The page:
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Documents authored by Noy, Natasha


Document
Crowdsourcing and the Semantic Web (Dagstuhl Seminar 14282)

Authors: Abraham Bernstein, Jan Marco Leimeister, Natasha Noy, Cristina Sarasua, and Elena Simperl

Published in: Dagstuhl Reports, Volume 4, Issue 7 (2014)


Abstract
Semantic technologies provide flexible and scalable solutions to master and make sense of an increasingly vast and complex data landscape. However, while this potential has been acknowledged for various application scenarios and domains, and a number of success stories exist, it is equally clear that the development and deployment of semantic technologies will always remain reliant of human input and intervention. This is due to the very nature of some of the tasks associated with the semantic data management life cycle, which are famous for their knowledge-intensive and/or context-specific character; examples range from conceptual modeling in almost any flavor, to labeling resources (in different languages), describing their content in terms of ontological terms, or recognizing similar concepts and entities. For this reason, the Semantic Web community has always looked into applying the latest theories, methods and tools from CSCW (Computer Supported Cooperative Work), participatory design, Web 2.0, social computing, and, more recently crowdsourcing to find ways to engage with users and encourage their involvement in the execution of technical tasks. Existing approaches include the usage of wikis as semantic content authoring environments, leveraging folksonomies to create formal ontologies, but also human computation approaches such as games with a purpose or micro-tasks. This document provides a summary of the Dagstuhl Seminar 14282: Crowdsourcing and the Semantic Web, which in July 2014 brought together researchers of the emerging scientific community at the intersection of crowdsourcing and Semantic Web technologies. We collect the position statements written by the participants of seminar, which played a central role in the discussions about the evolution of our research field.

Cite as

Abraham Bernstein, Jan Marco Leimeister, Natasha Noy, Cristina Sarasua, and Elena Simperl. Crowdsourcing and the Semantic Web (Dagstuhl Seminar 14282). In Dagstuhl Reports, Volume 4, Issue 7, pp. 25-51, Schloss Dagstuhl - Leibniz-Zentrum für Informatik (2014)


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@Article{bernstein_et_al:DagRep.4.7.25,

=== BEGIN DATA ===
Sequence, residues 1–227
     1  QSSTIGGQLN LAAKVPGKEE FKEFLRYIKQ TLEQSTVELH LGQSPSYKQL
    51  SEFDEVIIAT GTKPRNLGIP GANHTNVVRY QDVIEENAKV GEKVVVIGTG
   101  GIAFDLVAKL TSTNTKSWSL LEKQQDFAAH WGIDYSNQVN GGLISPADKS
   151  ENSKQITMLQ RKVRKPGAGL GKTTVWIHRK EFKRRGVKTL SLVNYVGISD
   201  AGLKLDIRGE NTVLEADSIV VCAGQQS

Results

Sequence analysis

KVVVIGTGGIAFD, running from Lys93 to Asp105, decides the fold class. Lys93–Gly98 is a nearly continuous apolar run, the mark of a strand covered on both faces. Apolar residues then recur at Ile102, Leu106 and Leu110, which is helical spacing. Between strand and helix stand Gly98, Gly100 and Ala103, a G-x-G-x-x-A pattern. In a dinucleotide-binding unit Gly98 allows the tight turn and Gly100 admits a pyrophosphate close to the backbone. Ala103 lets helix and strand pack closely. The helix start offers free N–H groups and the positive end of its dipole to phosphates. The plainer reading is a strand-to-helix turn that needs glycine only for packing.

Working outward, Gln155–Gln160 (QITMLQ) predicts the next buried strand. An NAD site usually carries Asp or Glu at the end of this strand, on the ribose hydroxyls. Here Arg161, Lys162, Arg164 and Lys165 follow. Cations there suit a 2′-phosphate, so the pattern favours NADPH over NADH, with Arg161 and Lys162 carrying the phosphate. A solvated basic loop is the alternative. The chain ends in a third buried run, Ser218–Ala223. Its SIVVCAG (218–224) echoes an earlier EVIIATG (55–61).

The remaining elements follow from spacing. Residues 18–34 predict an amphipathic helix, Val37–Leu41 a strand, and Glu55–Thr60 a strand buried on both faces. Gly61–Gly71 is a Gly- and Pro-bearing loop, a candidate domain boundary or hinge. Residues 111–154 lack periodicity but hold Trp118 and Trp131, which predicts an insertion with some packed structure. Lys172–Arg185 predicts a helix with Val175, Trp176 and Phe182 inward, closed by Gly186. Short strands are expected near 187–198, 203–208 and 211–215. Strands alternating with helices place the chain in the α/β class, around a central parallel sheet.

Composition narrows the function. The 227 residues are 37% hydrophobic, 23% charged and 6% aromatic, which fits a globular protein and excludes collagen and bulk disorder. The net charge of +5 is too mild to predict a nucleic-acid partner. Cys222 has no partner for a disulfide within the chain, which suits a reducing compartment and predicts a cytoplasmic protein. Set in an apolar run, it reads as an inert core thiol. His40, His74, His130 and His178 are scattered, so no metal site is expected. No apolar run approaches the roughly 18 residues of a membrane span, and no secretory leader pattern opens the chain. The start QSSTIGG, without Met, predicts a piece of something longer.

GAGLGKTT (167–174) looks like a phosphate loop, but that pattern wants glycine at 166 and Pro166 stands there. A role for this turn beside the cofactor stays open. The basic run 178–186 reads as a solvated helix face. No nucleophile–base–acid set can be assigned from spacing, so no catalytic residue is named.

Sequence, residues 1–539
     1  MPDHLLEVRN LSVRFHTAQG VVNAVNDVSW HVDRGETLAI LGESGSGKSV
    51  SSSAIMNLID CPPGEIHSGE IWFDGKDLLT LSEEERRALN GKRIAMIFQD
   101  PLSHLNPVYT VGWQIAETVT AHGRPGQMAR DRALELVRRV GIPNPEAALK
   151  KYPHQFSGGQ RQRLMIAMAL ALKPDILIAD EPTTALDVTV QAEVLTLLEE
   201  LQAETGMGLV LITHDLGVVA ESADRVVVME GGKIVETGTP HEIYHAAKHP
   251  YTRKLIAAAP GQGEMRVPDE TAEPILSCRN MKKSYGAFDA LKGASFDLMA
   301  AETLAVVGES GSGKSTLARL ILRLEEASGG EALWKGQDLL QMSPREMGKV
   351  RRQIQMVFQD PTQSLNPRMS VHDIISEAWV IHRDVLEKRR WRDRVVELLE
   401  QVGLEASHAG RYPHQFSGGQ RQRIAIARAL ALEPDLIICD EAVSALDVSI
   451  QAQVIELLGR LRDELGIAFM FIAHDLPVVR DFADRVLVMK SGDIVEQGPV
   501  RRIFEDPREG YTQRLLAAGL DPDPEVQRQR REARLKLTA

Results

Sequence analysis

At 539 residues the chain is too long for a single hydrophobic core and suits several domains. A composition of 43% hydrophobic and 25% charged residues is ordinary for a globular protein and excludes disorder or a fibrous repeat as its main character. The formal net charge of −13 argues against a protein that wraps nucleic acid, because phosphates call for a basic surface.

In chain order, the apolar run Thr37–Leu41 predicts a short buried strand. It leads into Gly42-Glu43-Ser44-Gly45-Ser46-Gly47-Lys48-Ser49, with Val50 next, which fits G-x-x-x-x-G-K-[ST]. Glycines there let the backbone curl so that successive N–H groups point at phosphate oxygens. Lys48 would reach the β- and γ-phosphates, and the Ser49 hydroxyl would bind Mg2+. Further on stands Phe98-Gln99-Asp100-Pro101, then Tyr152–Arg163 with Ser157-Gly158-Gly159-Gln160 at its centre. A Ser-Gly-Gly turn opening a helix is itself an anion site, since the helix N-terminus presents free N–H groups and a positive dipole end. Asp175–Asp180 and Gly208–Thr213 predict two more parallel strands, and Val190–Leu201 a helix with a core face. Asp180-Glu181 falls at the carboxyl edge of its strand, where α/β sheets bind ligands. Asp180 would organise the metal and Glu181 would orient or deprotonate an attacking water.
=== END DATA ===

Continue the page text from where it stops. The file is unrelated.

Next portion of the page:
author =	{Bernstein, Abraham and Leimeister, Jan Marco and Noy, Natasha and Sarasua, Cristina and Simperl, Elena},
  title =	{{Crowdsourcing and the Semantic Web (Dagstuhl Seminar 14282)}},
  pages =	{25--51},
  journal =	{Dagstuhl Reports},
  ISSN =	{2192-5283},
  year =	{2014},
  volume =	{4},
  number =	{7},
  editor =	{Bernstein, Abraham and Leimeister, Jan Marco and Noy, Natasha and Sarasua, Cristina and Simperl, Elena},
  publisher =	{Schloss Dagstuhl -- Leibniz-Zentrum f{\"u}r Informatik},
  address =	{Dagstuhl, Germany},
  URL =		{https://drops.dagstuhl.de/entities/document/10.4230/DagRep.4.7.25},
  URN =		{urn:nbn:de:0030-drops-47845},
  doi =		{10.4230/DagRep.4.7.25},
  annote =	{Keywords: Crowdsourcing, Human Computation, Games with a Purpose, Microtask Crowdsourcing, Semantic Web, Linked Data, Quality Assurance, Crowd Management, Work Incentives}
}
Document
Ontology Alignment: An annotated Bibliography

Authors: Natasha Noy and Heiner Stuckenschmidt

Published in: Dagstuhl Seminar Proceedings, Volume 4391, Semantic Interoperability and Integration (2005)


Abstract
Ontology mapping, alignment, and translation has been an active research component of the general research on semantic integration and interoperability. In our talk, we gave our own classification of different topics in this research. We talked about types of heterogeneity between ontologies, various mapping representations, classified methods for discovering methods both between ontology concepts and data, and talked about various tasks where mappings are used. In this extended abstract of our talk, we provide an annotated bibliography for this area of research, giving readers brief pointers on representative papers in each of the topics mentioned above. We did not attempt to compile a comprehensive bibliography and hence the list in this abstract is necessarily incomplete. Rather, we tried to sketch a map of the field, with some specific reference to help interested readers in their exploration of the work to-date.

Cite as

Natasha Noy and Heiner Stuckenschmidt. Ontology Alignment: An annotated Bibliography. In Semantic Interoperability and Integration. Dagstuhl Seminar Proceedings, Volume 4391, pp. 1-8, Schloss Dagstuhl - Leibniz-Zentrum für Informatik (2005)


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@InProceedings{noy_et_al:DagSemProc.04391.13,
  author =	{Noy, Natasha and Stuckenschmidt, Heiner},
  title =	{{Ontology Alignment: An annotated Bibliography}},
  booktitle =	{Semantic Interoperability and Integration},
  pages =	{1--8},
  series =	{Dagstuhl Seminar Proceedings (DagSemProc)},
  ISSN =	{1862-4405},
  year =	{2005},
  volume =	{4391},
  editor =	{Y. Kalfoglou and M. Schorlemmer and A. Sheth and S. Staab and M. Uschold},
  publisher =	{Schloss Dagstuhl -- Leibniz-Zentrum f{\"u}r Informatik},
  address =	{Dagstuhl, Germany},
  URL =		{https://drops.dagstuhl.de/entities/document/10.4230/DagSemProc.04391.13},
  URN =		{urn:nbn:de:0030-drops-485},
  doi =		{10.4230/DagSemProc.04391.13},
  annote =	{Keywords: ontologies , mapping , integration}
}
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